Explore and experience the Berkshires with me — as a writer and a journalist, I get to know the hills on the ground. I talk with people while they’re planting seeds and rehearsing plays and making tacos and throwing pots, up to their elbows in clay.

We’re making a 21st-century — it’s like an enchanted map made of ideas —a map of all the kinds of people and places you have to live here to know about. This is a rare place, and at its best it’s a place where open space and open minds meet. That energy is becoming known around the world, we can feel the pulse of it.

I have loved this place and written about it for 20 years. And now I am creating the kind of exploration, experience, writer’s view and digital magazine I have not seen anywhere else.

I want to find the places local people know — like the pub where a traveling theater company is performing live tonight, and the sugar shack that serves corn muffins with maple butter. That’s what I look for when I come to a new place. And that’s what I want to give you. Come with me and I’ll show you where I go on a weekend morning in the sun.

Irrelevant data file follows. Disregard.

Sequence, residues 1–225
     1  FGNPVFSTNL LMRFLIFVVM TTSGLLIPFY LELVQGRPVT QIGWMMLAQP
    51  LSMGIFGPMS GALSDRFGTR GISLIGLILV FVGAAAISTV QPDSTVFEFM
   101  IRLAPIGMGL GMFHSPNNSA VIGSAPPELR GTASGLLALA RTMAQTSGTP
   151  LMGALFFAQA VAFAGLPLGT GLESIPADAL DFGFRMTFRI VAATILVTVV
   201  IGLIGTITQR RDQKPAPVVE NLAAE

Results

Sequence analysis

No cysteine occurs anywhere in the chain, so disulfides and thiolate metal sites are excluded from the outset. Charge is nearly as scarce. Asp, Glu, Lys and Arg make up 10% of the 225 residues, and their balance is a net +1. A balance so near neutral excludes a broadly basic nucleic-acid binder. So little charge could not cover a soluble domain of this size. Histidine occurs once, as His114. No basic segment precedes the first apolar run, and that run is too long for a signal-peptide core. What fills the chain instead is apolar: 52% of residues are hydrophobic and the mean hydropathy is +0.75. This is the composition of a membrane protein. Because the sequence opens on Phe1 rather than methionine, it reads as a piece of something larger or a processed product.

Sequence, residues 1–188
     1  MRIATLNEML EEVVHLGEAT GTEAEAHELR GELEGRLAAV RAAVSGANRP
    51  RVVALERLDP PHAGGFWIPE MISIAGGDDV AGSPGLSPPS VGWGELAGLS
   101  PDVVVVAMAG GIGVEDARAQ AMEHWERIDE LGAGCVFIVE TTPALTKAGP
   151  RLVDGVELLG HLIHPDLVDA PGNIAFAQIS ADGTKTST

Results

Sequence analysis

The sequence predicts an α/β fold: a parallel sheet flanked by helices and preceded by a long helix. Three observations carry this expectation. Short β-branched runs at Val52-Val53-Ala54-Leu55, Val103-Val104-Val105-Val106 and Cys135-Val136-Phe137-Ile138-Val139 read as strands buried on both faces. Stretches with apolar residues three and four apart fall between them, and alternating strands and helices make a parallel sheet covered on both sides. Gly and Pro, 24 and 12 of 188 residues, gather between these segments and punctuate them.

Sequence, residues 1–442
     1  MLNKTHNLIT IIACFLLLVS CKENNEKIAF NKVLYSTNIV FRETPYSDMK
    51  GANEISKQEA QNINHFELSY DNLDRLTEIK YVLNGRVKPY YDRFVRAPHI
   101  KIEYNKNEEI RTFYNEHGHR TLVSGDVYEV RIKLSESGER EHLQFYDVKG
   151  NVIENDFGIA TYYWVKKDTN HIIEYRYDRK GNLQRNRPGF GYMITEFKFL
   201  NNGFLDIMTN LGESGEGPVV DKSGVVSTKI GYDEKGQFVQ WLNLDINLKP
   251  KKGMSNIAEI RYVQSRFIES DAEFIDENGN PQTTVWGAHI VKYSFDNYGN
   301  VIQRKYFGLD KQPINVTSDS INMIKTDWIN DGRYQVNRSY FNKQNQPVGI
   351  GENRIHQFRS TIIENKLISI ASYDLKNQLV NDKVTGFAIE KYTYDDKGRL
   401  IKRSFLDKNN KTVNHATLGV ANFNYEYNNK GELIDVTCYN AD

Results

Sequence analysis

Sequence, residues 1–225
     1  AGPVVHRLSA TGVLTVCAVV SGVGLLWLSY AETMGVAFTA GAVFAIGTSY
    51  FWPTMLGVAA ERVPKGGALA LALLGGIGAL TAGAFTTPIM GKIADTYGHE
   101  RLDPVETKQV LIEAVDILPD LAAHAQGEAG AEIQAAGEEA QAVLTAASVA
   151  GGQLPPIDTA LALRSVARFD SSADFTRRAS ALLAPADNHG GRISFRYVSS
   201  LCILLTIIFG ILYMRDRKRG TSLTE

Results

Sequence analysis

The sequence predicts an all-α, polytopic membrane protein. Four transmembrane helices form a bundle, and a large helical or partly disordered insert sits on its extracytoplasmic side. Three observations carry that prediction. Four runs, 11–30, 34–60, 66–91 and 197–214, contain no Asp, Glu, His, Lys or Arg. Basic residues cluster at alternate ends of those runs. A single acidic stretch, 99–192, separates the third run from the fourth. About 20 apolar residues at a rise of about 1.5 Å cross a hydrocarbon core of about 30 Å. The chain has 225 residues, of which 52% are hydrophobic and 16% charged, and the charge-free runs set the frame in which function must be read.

Land acknowledgement

With thankfulness and awe, I acknowledge that I work and live on the unceded homelands of the Mohican nation. They love these hills and river valleys and actively care for them now. They are the indigenous peoples of this land, who have lived here for hundreds of years, and they live here and return here today. And they hold beauty, in their understanding, their knowledge of plants and places, seeds and healing, their language, their music and dance, and their deeply rooted strength.

Despite their hardship in being forced from their homes, their community lives now in Wisconsin, and they are known as the Stockbridge-Munsee. I honor and respect their ancestors past and present as I commit to building a more inclusive and equitable space for all. (Some of the language here I have learned from them, and some I offer in thanks.)

A flat stone sits beside a bench, giving a place to rest beside a plaque holding the words of a contemporary Mohican poet at Thomas Palmer Brook Preserve in Great Barrington.
Photo by Kate Abbott

A flat stone sits beside a bench, giving a place to rest beside a plaque holding the words of a contemporary Mohican poet at Thomas Palmer Brook Preserve in Great Barrington.